Children and Muslims released:
- Up to 30 gunmen seized a Moscow theater staging a musical late Wednesday, firing shots in the air and holding a number of people hostage, police and news agencies said.
Interfax news agency, one of whose reporters was in the theater at the time, said the gunmen had let members of the audience make phone calls and allowed children to be released.
Muslim members of the audience attending the production of “North-East” were also allowed to leave, Interfax said. Police said they had as yet received no demands from the gunmen. Reports put the number of gunmen in the theater between 20 and 30.
Elite police teams rushed to the scene but there were no initial reports of casualties. Police said they believed up to 700 people were attending the show but exact numbers remained unclear.
The Kremlin said President Vladimir Putin had been informed of the incident, which happened on the eve of his official visit to Europe.
An update from Reuters:
- Up to 30 armed men and women, apparently Chechens and wearing masks, seized hundreds of people in a Moscow theater late on Wednesday and threatened to blow it up if police stormed the building, witnesses and police said.
Officials refused to say who was behind the attack, but witness accounts pointed to an attack by Chechen separatist guerrillas.
If the armed gang proves to be Chechen, the Moscow hostage-taking incident would be the most audacious such attack since the first Chechen war of 1994 to 1996.
A teenager released by the gang told Russian television that the armed gang wanted “the war to be stopped,” an apparent reference to the long-running secessionist war in Russia’s turbulent Chechnya province.
The teenager, among youngsters immediately released by the hostage-takers, said the group of 20-30 attackers had burst into the theater, which was showing the musical “North-East,” one firing a burst of bullets into the ceiling.
“He told all the actors to sit down on the front rows. Then women and men came in with masks.
“Some women were strapped with explosives and they said they would blow up the whole building in 10 minutes if they (police) started to storm the building,” Denis Afanasyev, a teenager told Russian television.
Another student called Alexei, also released, said the Chechens who burst in shouted out: “Release Chechnya and Russia from Russians. Stop the war in Chechnya.”
- A spokesman for the group told the BBC said they were Chechens and were demanding the withdrawal of Russian troops from the breakaway province, where a conflict has been dragging on since President Putin sent troops back there in 1999.
The group stormed the stage in the middle of the performance. Witnesses at the scene said the attackers were mining the building and threatening to blow it up if security forces tried to intervene.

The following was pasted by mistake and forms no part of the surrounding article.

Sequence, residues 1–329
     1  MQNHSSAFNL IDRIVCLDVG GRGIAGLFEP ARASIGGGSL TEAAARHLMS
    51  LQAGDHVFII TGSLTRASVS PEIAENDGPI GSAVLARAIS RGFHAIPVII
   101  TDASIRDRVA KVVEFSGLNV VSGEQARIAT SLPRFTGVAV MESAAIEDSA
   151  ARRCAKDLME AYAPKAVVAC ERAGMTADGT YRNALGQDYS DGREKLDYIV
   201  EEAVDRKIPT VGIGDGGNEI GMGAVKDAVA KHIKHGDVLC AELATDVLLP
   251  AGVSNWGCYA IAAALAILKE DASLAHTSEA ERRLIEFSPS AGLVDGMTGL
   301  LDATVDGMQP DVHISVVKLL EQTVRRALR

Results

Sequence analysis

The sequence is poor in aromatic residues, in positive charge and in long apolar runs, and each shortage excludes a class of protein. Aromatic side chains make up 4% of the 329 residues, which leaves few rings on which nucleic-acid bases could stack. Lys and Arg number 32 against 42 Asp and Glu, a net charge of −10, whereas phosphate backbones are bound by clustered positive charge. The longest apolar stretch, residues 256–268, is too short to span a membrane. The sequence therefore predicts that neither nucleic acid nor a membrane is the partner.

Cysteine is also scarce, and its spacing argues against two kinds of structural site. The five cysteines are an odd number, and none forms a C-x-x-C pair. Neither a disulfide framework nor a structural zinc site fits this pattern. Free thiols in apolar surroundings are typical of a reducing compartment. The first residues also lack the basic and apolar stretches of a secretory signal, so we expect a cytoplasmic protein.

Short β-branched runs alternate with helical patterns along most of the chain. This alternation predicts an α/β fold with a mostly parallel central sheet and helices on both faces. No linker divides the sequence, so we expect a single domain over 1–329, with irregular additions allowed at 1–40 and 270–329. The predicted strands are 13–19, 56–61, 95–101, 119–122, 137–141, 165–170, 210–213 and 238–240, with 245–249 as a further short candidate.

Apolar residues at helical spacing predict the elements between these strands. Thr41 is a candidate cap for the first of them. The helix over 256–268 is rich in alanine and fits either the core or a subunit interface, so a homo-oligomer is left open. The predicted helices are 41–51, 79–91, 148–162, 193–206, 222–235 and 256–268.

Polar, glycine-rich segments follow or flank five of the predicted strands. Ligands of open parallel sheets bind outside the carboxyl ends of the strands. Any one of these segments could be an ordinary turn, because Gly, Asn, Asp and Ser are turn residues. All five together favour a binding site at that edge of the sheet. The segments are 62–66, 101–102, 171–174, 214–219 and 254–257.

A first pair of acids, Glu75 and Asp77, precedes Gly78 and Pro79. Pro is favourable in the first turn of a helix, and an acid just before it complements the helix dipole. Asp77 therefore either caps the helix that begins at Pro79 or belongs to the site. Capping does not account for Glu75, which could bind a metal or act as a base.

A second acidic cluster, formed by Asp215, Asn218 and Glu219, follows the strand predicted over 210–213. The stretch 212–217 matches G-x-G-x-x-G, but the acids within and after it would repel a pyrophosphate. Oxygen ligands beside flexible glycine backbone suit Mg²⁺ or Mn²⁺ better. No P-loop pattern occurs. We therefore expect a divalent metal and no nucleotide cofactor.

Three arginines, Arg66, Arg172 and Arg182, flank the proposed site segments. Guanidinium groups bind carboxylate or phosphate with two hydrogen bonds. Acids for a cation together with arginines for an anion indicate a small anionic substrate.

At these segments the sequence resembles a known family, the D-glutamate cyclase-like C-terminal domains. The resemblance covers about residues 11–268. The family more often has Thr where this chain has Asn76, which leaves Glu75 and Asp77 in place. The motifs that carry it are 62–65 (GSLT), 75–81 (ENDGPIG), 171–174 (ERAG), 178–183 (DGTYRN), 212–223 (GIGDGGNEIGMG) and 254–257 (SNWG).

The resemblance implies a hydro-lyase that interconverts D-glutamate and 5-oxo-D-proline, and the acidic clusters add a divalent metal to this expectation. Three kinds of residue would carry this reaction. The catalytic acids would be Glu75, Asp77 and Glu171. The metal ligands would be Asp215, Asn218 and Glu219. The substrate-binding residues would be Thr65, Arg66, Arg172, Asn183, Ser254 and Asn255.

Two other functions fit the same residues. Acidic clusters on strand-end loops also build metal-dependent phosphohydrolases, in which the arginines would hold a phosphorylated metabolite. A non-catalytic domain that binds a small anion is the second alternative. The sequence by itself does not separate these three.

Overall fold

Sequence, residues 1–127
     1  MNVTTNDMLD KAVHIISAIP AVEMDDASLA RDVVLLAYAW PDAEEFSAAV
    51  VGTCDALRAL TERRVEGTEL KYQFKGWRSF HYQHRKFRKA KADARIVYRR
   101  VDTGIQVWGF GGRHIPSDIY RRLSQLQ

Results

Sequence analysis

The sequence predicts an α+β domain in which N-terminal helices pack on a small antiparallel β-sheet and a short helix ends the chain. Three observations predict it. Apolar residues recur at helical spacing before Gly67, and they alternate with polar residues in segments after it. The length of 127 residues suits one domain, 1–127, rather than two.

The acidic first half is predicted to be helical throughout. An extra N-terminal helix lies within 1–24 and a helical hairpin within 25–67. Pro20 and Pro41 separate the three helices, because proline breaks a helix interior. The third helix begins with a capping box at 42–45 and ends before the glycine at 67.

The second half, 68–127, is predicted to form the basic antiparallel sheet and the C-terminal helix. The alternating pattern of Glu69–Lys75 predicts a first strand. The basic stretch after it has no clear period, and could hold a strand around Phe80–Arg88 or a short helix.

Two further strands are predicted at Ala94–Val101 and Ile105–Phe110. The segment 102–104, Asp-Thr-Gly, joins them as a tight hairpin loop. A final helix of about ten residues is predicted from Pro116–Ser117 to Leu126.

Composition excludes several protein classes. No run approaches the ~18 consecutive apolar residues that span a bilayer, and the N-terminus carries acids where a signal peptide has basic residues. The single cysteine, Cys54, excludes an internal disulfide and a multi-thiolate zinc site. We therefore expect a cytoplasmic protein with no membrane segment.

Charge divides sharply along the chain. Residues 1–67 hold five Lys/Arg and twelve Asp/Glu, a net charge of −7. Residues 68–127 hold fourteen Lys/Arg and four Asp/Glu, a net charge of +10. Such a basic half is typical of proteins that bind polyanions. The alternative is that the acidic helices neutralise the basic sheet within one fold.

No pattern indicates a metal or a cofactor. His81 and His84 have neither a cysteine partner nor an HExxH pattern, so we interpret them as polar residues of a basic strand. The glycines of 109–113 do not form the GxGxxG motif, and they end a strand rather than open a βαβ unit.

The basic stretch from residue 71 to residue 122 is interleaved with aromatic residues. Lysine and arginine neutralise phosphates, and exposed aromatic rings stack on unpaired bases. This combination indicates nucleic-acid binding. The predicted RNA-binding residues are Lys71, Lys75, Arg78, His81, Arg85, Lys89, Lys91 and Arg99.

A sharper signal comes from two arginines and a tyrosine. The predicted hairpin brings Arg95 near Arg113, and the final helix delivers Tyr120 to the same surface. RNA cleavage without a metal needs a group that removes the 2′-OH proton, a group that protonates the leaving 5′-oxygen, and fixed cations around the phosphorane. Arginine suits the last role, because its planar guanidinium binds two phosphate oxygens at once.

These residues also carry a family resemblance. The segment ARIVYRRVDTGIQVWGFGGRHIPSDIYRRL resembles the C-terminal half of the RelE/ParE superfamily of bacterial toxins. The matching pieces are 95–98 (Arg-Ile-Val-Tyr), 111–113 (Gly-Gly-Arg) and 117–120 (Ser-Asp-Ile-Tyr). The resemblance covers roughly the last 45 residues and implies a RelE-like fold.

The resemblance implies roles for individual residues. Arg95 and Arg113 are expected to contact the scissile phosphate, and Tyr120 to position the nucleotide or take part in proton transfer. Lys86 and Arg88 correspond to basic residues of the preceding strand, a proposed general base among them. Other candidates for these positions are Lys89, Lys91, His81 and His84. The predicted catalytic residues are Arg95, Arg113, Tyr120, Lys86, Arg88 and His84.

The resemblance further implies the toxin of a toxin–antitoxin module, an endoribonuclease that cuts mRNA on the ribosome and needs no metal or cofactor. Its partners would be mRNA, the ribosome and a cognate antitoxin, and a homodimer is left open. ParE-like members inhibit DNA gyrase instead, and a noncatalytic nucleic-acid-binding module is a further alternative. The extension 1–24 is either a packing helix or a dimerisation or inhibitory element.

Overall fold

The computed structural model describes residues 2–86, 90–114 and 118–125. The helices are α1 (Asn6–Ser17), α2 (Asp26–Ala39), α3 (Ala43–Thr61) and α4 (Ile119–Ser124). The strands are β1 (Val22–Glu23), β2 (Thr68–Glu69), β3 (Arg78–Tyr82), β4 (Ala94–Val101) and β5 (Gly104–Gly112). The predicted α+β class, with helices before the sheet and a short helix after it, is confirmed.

Gunshots have been heard but it is not clear if they came from inside or outside.
A man claiming to be the leader of the group – a nephew of Chechen warlord Arbi Barayev – said he and his followers were suicide attackers who had come to Moscow “not to survive, but to die”.
Russian special forces have taken up positions around the building which is at a factory site in the south of the city. It is not clear if they have established any communications with the hostage-takers.
About 150 people, mainly women and children have been released. An eyewitness told the BBC Georgians were also being allowed to leave.
The group’s leader told the Chechen rebel news agency Kavkaz-Tsentr that he and his “mujahideen” followers had mines strapped to their bodies and were mining the building.
He said they were accompanied by 40 widows of Chechen fighters.
He was named as Movsar Barayev, a nephew of the late Chechen warlord Arbi Barayev.
‘Blood in the aisles’
The theatre, in a factory cultural centre on Melnikov Street, was holding a performance of a popular Russian musical, North-East.
“It was the beginning of the second act,” a woman who managed to escape from the theatre told Russian media.
….The audience and those people released said the attackers, who consisted of men wearing combat uniforms and women in veils, had explosives strapped to their bodies.
Up to five actors who managed to escape from the building told reporters the entire building had been booby-trapped
….Our correspondent in Moscow says the Chechen rebels have been threatening to strike in Moscow, so this was probably a well-planned operation.
I assume by now you notice the missing word from all of these reports: “terrorists.”
Per reader John Tobin, Pravda doesn’t hesitate to characterize the situation as involving terrorists:
- A group of between 20 and 30 kamikaze Chechen terrorists stormed a packed Moscow theatre tonight, threatening to blow the building up unless their demands are met. It is feared that due to the fact that their demands are unrealistic, they will prefer to become martyrs, rather than prisoners.
At 22.57 MSK, the group of 20/30 terrorists entered the Palace of Culture theatre in Melnikov Street, South-East Moscow, which was showing the first Russian-produced musical, Nord-Ost, and started placing explosives around the perimeter of the building, according to eye-witnesses inside the theatre who were using their cellular phones. The terrorists then told the children and Moslems in the audience that they were free to go (these numbering around 150 people) and demanded an end to the war in Chechnya. They claim that if the police storm the building, they will detonate the explosives and for every one of their number killed, they will execute ten hostages.